Our Adjusters Share: What’s On Your “Never to Forget” List?

Adjuster evaluates a damaged houseBecause claims adjusting is such a multi-faceted line of work, there are a number of things to take into account before, during and after an assignment, from considering weather issues to dealing with different personalities. But some adjusters have a list of things they deem important enough to remember each time they assess a claim. In this article, Crawford’s adjusters share what’s on their “never to forget” list.

Human/Nature

Bill Stewart, national general adjuster, Jacksonville, Fla. reminds himself that the insured or claimant is a human being facing a problem they didn’t ask for, a problem which needs to be resolved, and he is there to help in that process. “Even if someone’s personality, lifestyle or other factors may not be particularly pleasant to me personally, they deserve my professionalism and to be treated with fairness, respect and dignity,” he says. “Also, never forget to consider subrogation and salvage. Even a non-human causation event like wind or lightning doesn’t automatically mean there is no suborn potential. Things like building code violations or manufacturer warranties on lightning surge protectors need to be considered.”

Go-To Tips

When handling a property claim, these are the items on claims adjuster and supervisor for Catastrophe Services Linda Asberry’s list. Linda is based in Houston, Texas.

  • “Know the height of the building and how best to access it before you get there.
  • Keep your appointment and be on time.
  • Let the insured ‘show and tell’ first. They have been anticipating your inspection, and they psychologically need to tell you everything the moment you arrive. They need patience, knowledge and your empathy.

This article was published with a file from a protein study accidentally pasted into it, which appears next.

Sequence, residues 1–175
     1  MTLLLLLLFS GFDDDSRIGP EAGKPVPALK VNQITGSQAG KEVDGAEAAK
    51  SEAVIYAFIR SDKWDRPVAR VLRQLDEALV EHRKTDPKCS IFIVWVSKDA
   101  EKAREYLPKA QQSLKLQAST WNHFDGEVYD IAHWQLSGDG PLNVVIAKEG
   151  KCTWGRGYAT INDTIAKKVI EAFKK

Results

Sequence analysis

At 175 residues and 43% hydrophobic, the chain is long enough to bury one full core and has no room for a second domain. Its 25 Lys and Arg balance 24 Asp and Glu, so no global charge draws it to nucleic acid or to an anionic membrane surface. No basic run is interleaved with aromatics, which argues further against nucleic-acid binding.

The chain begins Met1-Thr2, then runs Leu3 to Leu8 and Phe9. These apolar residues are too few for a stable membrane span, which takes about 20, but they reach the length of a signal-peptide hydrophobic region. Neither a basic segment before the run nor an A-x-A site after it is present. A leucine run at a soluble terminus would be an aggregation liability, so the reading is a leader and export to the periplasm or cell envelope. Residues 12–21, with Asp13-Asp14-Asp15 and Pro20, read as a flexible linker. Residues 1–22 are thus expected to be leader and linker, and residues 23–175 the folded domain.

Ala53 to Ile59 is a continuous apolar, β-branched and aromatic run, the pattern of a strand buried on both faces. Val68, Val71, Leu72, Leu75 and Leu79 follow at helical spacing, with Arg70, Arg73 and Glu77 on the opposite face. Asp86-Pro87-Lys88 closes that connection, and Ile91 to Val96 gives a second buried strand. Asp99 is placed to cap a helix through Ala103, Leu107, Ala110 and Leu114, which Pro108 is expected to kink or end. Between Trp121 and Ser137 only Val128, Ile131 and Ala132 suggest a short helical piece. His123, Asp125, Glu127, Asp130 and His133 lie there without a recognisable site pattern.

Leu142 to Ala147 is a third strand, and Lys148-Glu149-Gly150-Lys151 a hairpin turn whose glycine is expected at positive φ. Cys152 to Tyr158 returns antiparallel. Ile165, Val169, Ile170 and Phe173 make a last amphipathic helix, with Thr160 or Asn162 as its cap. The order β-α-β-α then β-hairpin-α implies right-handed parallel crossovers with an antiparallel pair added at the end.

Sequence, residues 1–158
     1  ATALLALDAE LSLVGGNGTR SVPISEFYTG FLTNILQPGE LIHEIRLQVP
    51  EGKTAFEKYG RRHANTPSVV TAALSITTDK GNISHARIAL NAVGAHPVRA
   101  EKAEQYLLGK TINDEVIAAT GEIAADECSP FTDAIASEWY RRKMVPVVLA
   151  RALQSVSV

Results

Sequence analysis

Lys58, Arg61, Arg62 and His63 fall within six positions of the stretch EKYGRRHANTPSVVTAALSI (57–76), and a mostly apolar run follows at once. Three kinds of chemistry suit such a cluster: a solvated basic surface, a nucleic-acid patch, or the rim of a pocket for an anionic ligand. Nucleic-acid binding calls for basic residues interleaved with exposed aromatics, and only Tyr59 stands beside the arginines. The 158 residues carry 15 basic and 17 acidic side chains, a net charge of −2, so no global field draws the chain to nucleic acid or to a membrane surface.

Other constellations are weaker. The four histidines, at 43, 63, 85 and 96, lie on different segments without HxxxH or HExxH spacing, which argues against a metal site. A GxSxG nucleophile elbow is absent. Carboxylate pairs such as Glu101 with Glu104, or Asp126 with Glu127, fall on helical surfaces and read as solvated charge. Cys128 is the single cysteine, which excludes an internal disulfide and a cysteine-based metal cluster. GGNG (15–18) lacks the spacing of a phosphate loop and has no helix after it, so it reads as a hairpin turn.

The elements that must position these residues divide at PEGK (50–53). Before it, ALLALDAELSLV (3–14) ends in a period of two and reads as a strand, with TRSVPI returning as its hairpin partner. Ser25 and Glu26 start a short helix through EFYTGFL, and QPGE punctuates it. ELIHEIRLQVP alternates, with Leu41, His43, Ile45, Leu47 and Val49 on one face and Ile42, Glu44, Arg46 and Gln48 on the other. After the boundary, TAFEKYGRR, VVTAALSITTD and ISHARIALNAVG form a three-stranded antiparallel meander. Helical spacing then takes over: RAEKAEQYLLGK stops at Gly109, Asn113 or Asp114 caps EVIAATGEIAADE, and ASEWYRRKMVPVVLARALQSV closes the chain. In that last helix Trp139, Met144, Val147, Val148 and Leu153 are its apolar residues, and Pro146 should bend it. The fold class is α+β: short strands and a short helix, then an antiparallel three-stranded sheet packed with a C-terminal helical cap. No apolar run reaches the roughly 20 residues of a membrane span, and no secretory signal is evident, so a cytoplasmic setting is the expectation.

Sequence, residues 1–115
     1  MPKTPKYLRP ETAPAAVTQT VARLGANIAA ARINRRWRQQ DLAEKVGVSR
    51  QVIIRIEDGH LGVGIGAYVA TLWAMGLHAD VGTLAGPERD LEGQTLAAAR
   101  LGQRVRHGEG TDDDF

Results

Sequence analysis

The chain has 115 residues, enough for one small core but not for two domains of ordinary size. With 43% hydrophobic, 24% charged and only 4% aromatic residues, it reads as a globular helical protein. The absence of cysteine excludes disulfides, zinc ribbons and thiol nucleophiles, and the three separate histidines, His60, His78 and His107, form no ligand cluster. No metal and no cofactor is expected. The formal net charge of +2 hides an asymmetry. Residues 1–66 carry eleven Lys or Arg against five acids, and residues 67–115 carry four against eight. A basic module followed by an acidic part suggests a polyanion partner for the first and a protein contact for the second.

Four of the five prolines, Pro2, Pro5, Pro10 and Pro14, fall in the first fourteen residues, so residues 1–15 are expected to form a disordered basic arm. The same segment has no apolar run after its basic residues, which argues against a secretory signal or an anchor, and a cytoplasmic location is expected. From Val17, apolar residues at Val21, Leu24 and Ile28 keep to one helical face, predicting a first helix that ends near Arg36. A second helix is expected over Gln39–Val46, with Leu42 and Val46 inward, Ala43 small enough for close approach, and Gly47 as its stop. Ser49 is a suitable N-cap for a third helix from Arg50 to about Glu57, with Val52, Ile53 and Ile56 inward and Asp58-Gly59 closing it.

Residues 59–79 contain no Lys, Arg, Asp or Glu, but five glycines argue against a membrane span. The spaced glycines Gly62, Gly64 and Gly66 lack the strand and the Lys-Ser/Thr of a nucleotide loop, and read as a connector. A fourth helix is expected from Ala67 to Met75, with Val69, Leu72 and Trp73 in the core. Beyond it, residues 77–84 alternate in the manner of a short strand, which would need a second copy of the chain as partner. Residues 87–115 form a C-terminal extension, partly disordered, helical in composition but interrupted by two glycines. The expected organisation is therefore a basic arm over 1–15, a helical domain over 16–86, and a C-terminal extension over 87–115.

• Recognize the difference between commercial and residential building products, and understand the variances in quality.
  • Never forget your equipment! Carry at least two of everything, since you never know when one will break or malfunction.”

Important Information

Harry Rinehart, casualty general adjuster II in Allentown, Pa., says one item he doesn’t forget involves the safety of the insured. “One of my never-forget-to-ask questions is ‘Were you injured; did you receive any medical attention; and do you intend to receive any medical attention?’” he says. “Routine claims can be anything from a minor cut finger in a workers compensation case to car A rear-ends car B in an auto liability case to a slip and fall in the grocery store aisle in a general liability case. More serious claims can involve 50-100 vehicle pileups on the highway involving many tractor trailer rigs, explosions involving major damage to homes or business, and storm-related losses that can trigger liability exposures for environmental cleanup.  All can involve serious injury and sometimes loss of life to those involved.”

What do you like to keep in mind when performing your job?

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